And once when he had had a drop,

And broke a p’liceman's knob;
They took me into custody,

And fined me forty bob.
This fatal likeness turned the tide

Of my domestic life,
For somehow my intended bride

Became my brother's wife.
Year after year, and still the same

Absurd mistakes went on;
And when I died the neighbours came.
And buried brother John.

H. S. Leigh

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HAIL, Love ! first love ! thou word that sums all bliss !
The sparkling cream of all Time's blessedness,
The silken down of happiness complete !
Discerner of the richest grapes of joy,
She gathered and selected with her hand
All finest relishes, all fairest sights,
All rarest odours, all divinest sounds,
All thoughts, all feelings dearest to the soul ;
And brought the holy mixture home, and filled
The heart with all superlatives of bliss.
But who would that expound which words transcend
Must talk in vain. Behold a meeting-scene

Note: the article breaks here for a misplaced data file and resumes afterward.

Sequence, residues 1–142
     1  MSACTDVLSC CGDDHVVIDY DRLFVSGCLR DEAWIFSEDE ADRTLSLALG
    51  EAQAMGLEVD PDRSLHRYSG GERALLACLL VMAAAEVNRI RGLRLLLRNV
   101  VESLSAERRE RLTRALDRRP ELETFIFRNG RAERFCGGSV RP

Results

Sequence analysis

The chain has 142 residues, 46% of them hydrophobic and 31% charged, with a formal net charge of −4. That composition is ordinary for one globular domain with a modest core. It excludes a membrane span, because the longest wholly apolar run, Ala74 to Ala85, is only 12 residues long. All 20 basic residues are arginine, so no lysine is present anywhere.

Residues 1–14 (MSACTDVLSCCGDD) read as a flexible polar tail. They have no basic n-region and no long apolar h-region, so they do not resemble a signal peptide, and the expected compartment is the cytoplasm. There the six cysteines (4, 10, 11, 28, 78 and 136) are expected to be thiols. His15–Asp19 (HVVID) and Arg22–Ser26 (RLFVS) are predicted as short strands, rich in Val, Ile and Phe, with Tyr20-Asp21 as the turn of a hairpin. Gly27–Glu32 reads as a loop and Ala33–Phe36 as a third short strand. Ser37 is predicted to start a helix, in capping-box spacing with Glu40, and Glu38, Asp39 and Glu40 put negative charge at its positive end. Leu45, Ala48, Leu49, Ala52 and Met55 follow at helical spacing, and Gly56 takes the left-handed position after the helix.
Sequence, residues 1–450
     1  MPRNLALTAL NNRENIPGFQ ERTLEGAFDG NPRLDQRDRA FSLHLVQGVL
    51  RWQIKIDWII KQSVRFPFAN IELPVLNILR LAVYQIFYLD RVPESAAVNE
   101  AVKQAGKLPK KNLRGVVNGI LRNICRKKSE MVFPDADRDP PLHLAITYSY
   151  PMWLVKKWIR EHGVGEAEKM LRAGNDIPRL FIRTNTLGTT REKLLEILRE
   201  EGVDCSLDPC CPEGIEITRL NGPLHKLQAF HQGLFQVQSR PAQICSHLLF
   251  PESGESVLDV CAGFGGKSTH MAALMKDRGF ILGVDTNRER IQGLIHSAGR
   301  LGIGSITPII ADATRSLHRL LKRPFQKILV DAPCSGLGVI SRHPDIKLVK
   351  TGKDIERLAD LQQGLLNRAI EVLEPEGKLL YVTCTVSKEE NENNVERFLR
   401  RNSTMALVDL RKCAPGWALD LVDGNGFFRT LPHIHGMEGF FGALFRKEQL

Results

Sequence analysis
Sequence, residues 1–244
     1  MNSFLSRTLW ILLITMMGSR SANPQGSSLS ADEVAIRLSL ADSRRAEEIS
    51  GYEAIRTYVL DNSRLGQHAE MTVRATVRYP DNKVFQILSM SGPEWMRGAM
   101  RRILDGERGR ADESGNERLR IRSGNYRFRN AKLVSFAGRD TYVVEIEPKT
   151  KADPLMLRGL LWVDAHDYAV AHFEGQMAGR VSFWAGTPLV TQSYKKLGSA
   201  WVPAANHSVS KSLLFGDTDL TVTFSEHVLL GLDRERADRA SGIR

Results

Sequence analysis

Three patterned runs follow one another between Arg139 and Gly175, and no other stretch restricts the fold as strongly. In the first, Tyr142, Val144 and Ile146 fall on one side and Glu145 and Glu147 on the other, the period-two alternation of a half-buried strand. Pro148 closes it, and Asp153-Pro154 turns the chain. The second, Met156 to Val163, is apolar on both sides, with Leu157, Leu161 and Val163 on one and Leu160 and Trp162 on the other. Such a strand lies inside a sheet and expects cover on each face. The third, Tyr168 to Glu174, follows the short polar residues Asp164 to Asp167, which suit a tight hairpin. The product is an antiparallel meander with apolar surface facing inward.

Of early love, and thence infer its worth.

It was an eve of Autumn's holiest mood;
The corn-fields, bathed in Cynthia's silver light,
Stood ready for the reaper's gathering hand,
And all the winds slept soundly. Nature seemed,
In silent contemplation, to adore
Its Maker. Now and then the agéd leaf
Fell from its fellows, rustling to the ground;
And, as it fell, bade man think on his end.
On vale and lake, on wood and mountain high,
With pensive wing outspread, sat heavenly Thought,
Conversing with itself. Vesper looked forth
From out her western hermitage, and smiled ;
And

up the east, unclouded, rode the Moon, With all her stars, gazing on earth intense, As if she saw some wonder walking there.

Such was the night, so lovely, still, serene,
When, by a hermit thorn that on the hill
Had seen a hundred flowery ages pass,
A damsel kneeled to offer

up
her

prayer,
Her prayer nightly offered, nightly heard.
This ancient thorn had been the meeting-place
Of love, before his country's voice had called
The ardent youth to fields of honour, far
Beyond the wave; and hither now repaired,
Nightly, the maid, by God's all-seeing eye

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Seen only, while she sought this boon alone-
Her lover's safety, and his quick return.
In holy, humble attitude she kneeled,
And to her bosom, fair as moonbeam, pressed
One hand, the other lifted up to heaven.
Her eye, upturned, bright as the star of morn,
As violet meek, excessive ardour streamed,
Wafting away her earnest heart to God.
Her voice, scarce uttered, soft as zephyr's sigh